Libel and Slander. Agency, Scope of employment. Insurance. Corporation.
At the trial of an action of tort against an insurance company to recover for slanders alleged to have been published concerning the plaintiff, an agent for another insurance company, by employees of the defendant whose duty it was to solicit business, the plaintiff offered to prove that slanderous words were published as alleged on October 2 and 10, that the plaintiff consulted an attorney at law who on October 29 and November 6 wrote to the "superintendent of agencies" of the defendant, complaining on the plaintiff's behalf; that the superintendent replied asking for further details and stating that such methods were contrary to express orders of the defendant and that the defendant tried to avoid "such things" as much as possible; that, at the suggestion of the
superintendent, on November 9 one who had charge for the defendant of the agents of the district in which the plaintiff did business interviewed the plaintiff's attorney and said he would report to the superintendent; that early in December the plaintiff's attorney had a conversation with the defendant's superintendent of agencies in which the latter told the attorney that he could do nothing for the plaintiff in the matter, that he "had a thousand cases like this one of [the plaintiff] in his office if he wanted to push them"; that further slanders of the same nature afterwards were published by the defendant's employees on December 19 and January 1, 3, 8 and 10; and that because of the slanderous statements the plaintiff had lost business which the defendant had got the benefit of. The presiding judge, on the plaintiff's offer of proof, directed a verdict for the defendant. Held, that the verdict was directed rightly, since the jury would not have been warranted, from the evidence offered, in finding that the persons who published the slanders had any actual authority from the defendant to do so or acted with its knowledge, or that their acts were ratified by the defendant, nor did the offer include any evidence tending to show that the agents of the defendant, in publishing the slanders, acted within the scope of their employment as soliciting agents.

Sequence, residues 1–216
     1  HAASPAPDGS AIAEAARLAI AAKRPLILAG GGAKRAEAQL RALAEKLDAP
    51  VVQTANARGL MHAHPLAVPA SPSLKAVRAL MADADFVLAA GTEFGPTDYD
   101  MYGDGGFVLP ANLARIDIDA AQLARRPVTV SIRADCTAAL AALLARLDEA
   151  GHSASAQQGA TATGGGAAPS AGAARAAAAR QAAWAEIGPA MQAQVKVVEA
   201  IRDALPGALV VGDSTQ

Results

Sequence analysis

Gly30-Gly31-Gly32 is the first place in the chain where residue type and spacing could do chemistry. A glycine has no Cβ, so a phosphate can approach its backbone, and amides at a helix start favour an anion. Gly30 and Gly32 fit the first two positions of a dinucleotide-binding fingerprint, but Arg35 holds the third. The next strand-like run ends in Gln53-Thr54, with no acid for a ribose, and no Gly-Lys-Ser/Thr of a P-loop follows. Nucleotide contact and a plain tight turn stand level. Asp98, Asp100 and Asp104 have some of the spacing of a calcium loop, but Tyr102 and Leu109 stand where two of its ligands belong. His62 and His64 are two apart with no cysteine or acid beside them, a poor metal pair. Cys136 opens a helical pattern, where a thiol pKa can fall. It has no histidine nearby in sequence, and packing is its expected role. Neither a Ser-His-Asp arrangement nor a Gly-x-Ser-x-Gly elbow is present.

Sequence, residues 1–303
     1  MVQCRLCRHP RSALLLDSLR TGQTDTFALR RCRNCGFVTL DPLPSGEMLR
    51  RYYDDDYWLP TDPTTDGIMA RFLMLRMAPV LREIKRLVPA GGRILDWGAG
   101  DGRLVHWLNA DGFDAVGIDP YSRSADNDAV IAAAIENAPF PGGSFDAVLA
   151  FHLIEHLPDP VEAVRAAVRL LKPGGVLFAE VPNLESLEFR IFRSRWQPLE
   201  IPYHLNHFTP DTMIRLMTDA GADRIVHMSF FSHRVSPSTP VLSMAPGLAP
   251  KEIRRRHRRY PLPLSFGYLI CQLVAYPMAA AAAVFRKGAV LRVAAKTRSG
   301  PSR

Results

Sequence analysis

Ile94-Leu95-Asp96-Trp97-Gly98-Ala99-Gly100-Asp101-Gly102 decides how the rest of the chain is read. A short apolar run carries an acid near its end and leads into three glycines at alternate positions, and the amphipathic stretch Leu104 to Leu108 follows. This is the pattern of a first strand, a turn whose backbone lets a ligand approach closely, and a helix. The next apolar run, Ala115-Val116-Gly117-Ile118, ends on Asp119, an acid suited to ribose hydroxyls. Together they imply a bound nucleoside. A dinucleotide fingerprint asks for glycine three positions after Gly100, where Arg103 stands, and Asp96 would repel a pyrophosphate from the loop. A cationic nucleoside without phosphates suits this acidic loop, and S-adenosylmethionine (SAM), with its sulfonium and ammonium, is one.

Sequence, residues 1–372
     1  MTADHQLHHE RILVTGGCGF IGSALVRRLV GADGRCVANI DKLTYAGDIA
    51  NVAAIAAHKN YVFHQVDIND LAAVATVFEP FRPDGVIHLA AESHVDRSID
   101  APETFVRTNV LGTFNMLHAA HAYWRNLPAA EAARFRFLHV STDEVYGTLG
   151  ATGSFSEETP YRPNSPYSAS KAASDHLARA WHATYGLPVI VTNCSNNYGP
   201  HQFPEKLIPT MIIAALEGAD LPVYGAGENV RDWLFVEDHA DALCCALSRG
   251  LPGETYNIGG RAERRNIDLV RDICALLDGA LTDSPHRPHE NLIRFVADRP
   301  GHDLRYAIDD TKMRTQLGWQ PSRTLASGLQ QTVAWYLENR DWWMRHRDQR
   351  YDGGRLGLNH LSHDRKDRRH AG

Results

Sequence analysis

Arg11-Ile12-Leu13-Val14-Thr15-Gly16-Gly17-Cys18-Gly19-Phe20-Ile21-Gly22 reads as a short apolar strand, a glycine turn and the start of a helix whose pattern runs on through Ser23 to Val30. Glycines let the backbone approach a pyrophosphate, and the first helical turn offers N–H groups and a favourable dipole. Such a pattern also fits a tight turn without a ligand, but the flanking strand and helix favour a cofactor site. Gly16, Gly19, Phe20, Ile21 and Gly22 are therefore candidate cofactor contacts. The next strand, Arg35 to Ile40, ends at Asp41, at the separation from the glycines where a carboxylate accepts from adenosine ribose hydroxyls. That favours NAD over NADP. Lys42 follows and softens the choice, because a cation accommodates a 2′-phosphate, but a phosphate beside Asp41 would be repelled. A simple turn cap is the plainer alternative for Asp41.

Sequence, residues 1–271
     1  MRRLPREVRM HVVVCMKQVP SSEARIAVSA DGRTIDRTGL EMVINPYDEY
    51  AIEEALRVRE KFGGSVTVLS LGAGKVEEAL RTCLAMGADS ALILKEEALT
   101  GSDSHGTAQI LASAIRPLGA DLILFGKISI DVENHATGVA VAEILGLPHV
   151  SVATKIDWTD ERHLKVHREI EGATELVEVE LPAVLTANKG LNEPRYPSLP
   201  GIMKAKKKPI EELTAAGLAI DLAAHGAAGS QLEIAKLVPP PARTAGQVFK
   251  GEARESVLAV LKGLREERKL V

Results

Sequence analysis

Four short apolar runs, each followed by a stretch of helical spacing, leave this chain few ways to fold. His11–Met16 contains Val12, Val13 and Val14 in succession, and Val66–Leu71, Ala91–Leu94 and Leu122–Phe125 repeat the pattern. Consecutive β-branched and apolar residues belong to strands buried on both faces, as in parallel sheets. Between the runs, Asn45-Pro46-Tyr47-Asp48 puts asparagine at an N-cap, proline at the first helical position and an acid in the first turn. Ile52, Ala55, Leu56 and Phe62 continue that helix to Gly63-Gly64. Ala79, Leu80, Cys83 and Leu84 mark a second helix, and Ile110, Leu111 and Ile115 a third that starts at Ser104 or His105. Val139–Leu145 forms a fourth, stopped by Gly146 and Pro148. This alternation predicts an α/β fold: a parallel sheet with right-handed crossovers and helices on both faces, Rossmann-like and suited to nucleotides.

Tort for slander. Writ in the Superior Court for the County of Essex dated April 20, 1907.
At the trial, which was before Sanderson, J., the plaintiff offered to prove the following facts:
That he was an employee of the Columbian National Life Insurance Company previous to September, 1906, and continued in such employ until after the last date mentioned in the plaintiff's declaration, and had been earning about $12 per week, with a varying commission in addition; that three employees of the defendant, whose business was that of soliciting insurance for the defendant, severally published on October 2 and 10, November 1 and December 19, 1906, and upon January 1, 3, 8 and 10, 1907, various oral statements to the effect that the plaintiff was a drunkard, a "rag picker," and dishonest in his business; that about October 22,1906, the plaintiff consulted his attorney, S. F. Whalen, Esquire, of Gloucester, who thereupon wrote two letters, one to the defendant direct and the other to one Bradley, the superintendent of agencies of the defendant, dated respectively October 29 and November 5, 1906, setting forth the plaintiffs alleged grievance against the defendant and suggesting a conference before proceedings were instituted; that Bradley wrote Mr. Whalen on October 30, 1906, asking for further details and stating, "It is strictly against the order of our home office for any agent to use methods of this kind in obtaining business," and also on November 7,1906, wrote again,
stating his regret that he could not come to Mr. Whalen's office but suggesting that one King would call in his stead, and saying, "This is one of the things that we try to avoid all it is possible to do so, and we will co-operate with you in this matter "; that on November 8 or 9, King, who was the defendant's superintendent of agencies for the district which included Gloucester, called on Mr. Whalen at his office, and Mr. Whalen called his attention to the slanderous statements made by the agents of the defendant; that King said he would report to Bradley, and that Whalen would hear from Bradley; that neither the plaintiff nor his attorney did hear from the defendant thereafter; that early in December, 1906, Whalen called at the office of the defendant, and saw Bradley, and told him that he represented the plaintiff, and came to see him in accordance with the suggestion contained in his (Bradley's) letter of November 7, 1906; that Bradley said that he could not do anything for the plaintiff in this matter, and said that he had a thousand cases like this one of Kane's in his office if he wanted to push them.